Leeds mum Emma’s tragic death underlines the need for action.
THE tragic death of mum-of-four Emma Bennett once again brings the issue of dangerous dogs into the spotlight.
The 27-year-old was mauled to death last December by the two dogs kept by her boyfriend Lee Horner at their Leeds home.
It’s thought Emma – who was pregnant – may have suffered an epileptic fit which could have led the animals to see her as prey.
The dogs in question were subsequently found to be banned under the Dangerous Dogs Act.
Horner has admitted keeping them but says he wasn’t aware they were a banned breed. He is due to be sentenced at a later date.
Nothing will bring Emma back – but at least the Government has now reacted to growing calls for tighter controls in response to the threat posed by those who keep prohibited animals.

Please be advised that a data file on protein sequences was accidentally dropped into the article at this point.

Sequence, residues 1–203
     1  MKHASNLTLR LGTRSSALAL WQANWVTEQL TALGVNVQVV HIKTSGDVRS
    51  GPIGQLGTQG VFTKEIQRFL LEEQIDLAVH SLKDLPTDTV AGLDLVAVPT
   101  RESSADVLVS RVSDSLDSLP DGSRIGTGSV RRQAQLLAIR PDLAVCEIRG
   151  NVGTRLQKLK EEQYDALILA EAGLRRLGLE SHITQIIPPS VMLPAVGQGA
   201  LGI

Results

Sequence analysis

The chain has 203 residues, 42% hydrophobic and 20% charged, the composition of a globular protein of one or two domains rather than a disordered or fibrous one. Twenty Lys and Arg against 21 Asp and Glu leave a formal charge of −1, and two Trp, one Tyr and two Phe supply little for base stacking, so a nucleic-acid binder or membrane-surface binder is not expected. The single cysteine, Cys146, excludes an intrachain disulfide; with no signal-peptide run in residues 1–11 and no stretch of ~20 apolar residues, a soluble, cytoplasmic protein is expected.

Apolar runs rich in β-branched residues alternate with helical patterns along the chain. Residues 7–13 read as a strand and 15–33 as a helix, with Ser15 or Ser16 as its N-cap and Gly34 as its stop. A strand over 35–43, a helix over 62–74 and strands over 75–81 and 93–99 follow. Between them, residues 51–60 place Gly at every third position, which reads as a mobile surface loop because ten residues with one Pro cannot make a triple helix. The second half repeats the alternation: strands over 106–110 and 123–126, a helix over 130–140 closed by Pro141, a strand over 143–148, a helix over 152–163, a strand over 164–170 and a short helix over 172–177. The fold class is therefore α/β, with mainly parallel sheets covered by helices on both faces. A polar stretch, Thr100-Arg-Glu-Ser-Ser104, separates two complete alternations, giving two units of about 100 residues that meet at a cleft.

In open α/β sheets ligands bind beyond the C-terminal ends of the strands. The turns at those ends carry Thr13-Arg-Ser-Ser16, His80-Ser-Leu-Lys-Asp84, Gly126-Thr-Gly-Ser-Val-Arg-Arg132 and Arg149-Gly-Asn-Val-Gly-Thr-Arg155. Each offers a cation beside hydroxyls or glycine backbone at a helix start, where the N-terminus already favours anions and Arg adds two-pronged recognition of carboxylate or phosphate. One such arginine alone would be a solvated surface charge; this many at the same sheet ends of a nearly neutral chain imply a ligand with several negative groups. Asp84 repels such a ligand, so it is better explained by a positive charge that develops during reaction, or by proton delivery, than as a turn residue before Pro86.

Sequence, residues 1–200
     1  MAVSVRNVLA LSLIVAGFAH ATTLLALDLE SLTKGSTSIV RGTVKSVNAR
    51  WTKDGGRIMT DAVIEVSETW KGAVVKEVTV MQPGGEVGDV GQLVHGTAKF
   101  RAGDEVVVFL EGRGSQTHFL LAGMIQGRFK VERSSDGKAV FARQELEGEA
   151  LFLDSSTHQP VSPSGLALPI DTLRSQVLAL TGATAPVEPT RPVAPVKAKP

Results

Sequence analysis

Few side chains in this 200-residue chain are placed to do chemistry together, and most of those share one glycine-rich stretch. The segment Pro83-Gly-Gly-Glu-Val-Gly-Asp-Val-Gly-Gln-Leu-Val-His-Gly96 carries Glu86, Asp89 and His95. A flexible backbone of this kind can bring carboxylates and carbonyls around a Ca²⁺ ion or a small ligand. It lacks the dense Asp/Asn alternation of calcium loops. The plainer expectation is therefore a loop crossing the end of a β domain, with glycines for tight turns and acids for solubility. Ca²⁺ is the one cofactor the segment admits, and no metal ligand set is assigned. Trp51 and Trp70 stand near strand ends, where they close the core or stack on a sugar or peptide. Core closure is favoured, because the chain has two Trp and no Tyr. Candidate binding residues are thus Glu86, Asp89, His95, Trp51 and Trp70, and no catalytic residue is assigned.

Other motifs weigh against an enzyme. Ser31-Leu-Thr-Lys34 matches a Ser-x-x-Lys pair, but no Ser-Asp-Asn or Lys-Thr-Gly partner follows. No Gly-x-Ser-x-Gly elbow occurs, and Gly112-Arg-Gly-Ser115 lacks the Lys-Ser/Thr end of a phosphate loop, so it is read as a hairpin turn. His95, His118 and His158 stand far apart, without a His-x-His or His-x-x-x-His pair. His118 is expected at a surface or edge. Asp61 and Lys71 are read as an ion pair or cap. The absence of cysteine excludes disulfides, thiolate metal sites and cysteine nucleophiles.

From next year, irresponsible owners could face up to two years in jail if their pets attack on private property.
The law change has been backed by Emma’s brother David, who believes that whether it’s private property or not, you should still be responsible for your pet’s actions. Every right-thinking person will agree.
Not every dog is a potential killer, but where there is significant risk there must be proper safeguards in place, backed by stiff penalties.
Health workers going the extra mile
THE scandal at Mid Staffordshire which saw unnecessary patient deaths amid appalling levels of care must be a watershed moment for the NHS.
So it is heartening to hear that there are dedicated professionals in Leeds who are working so hard to restore public trust in the health service.
People like Kirsty Roberts, a newly-qualified nurse who has won an award for the compassion she shows in her care. Or Anne-Marie Kenney, recognised for innovative work which sees cancer patients receive their chemotherapy treatment quicker.
They, and those colleagues who share similar levels of dedication to the job, make the NHS proud.